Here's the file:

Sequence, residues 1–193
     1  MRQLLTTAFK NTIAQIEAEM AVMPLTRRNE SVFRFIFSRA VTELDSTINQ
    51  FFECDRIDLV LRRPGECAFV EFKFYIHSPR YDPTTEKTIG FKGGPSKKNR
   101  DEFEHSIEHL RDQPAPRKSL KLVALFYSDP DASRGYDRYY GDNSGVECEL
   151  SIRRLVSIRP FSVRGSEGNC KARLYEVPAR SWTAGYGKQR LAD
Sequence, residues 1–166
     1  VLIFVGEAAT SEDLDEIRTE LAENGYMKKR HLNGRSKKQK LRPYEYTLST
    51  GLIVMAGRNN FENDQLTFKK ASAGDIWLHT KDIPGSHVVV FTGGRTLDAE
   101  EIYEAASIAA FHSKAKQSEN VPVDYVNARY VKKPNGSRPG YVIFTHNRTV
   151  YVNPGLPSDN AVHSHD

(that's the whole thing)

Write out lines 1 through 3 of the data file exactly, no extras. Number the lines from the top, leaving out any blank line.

Sequence, residues 1–193
     1  MRQLLTTAFK NTIAQIEAEM AVMPLTRRNE SVFRFIFSRA VTELDSTINQ
    51  FFECDRIDLV LRRPGECAFV EFKFYIHSPR YDPTTEKTIG FKGGPSKKNR